November 10, 2012
Occupy Wall Street is raising money so they can buy up debt at random and pay it off, in a brilliant campaign of radical agorism.
Members of Occupy Wall Street have recently started an effort called “Rolling Jubilee” and the stated mission on their website is to: “buy debt for pennies on the dollar, but instead of collecting it, we abolish it. We cannot buy specific individuals’ debt – instead, we help liberate debtors at random through a campaign of mutual support, good will, and collective refusal.”
According to an article in the UK Telegraph:
“The Rolling Jubilee project is seeking donations to help it buy-up distressed debts, including student loans and outstanding medical bills, and then wipe the slate clean by writing them off. Individuals or companies can buy distressed debt from lenders at knock-down prices if it the borrower is in default or behind with payments and are then free to do with it as they see fit, including cancelling it free of charge.
As a test run the group spent $500 on distressed debt, buying $14,000 worth of outstanding loans and pardoning the debtors. They are now looking to expand their experiment nationwide and are asking people to donate money to the cause.”
As a friend, supporter and also a critic of the Occupy Wall Street movement over the past year and a half, it has been exciting and interesting to see the loose knit, decentralized movement transform and grow into many different branches that are taking a more local and decentralized approach than we saw from the protests last year.
Recently, I have been noticing that various pockets of OWS are beginning to practice agorism, and starting initiatives and projects to replace inefficient state programs with their own voluntary mutual aid approaches.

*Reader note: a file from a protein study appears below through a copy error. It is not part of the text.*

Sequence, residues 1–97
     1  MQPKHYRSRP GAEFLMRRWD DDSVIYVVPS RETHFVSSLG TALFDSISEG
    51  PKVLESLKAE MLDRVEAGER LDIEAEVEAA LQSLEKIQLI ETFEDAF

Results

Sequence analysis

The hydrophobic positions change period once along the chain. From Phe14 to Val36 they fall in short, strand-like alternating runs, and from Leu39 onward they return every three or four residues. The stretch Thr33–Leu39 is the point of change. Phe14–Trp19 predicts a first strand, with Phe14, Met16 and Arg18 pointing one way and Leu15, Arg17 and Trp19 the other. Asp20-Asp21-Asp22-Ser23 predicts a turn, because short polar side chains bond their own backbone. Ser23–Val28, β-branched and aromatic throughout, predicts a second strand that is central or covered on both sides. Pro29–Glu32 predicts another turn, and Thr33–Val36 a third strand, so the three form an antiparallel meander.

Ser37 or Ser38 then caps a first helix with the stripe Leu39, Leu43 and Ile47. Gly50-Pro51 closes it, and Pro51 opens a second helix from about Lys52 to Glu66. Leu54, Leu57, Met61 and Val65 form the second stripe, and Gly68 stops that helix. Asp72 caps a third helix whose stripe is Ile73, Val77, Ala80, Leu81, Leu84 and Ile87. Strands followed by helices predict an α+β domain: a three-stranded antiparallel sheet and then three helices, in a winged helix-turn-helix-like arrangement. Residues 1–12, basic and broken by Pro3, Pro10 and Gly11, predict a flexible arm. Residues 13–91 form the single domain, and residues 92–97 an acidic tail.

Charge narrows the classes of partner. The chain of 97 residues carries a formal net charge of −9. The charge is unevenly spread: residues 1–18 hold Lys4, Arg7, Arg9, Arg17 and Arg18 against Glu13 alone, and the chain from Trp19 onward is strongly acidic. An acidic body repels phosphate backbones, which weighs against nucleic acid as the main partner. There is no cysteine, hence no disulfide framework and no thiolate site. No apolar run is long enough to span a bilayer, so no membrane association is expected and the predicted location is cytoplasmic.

This Rolling Jubilee project is one example, and the recent efforts to go where FEMA wouldn’t after Hurricane Sandy is another example.
For those of you that are not familiar with the term “agorism”, it is a strategy of noncompliance that uses counter economics and underground markets as a way of keeping power in the hands of the average people, thus slowly diminishing the power and relevance of the control structure.
Growing food, starting mutual aid or charity groups, using bitcoin, homeschooling, running a small business without licenses, bartering and starting community currencies are all examples of agorist activities.
Some agorists are even so bold as to create businesses that will challenge existing state monopolies, like we saw earlier this year when Detroit residents created their own community protection agencies because the police were no longer responding to 911 calls.
It is as simple as finding a need in your community for a particular good or service, and attempting to provide that value without any sort of interaction with the government or any other unchosen 3rd parties.
In other words, the basic idea is to try solving the problem yourself, with your community instead of waiting around for a politician to make the problem worse.
Occupy Wall Street outshining FEMA in the wake of a natural disaster is reminiscent of actions taken by an agorist in early American history, Lysander Spooner.
Lysander Spooner was an outspoken philosopher, abolitionist, and anarchist during the 19th century who was not only a brilliant author and speaker, but he also started a letter delivering service to compete with the government post office.
The following video was released to announce the Rolling Jubilee project: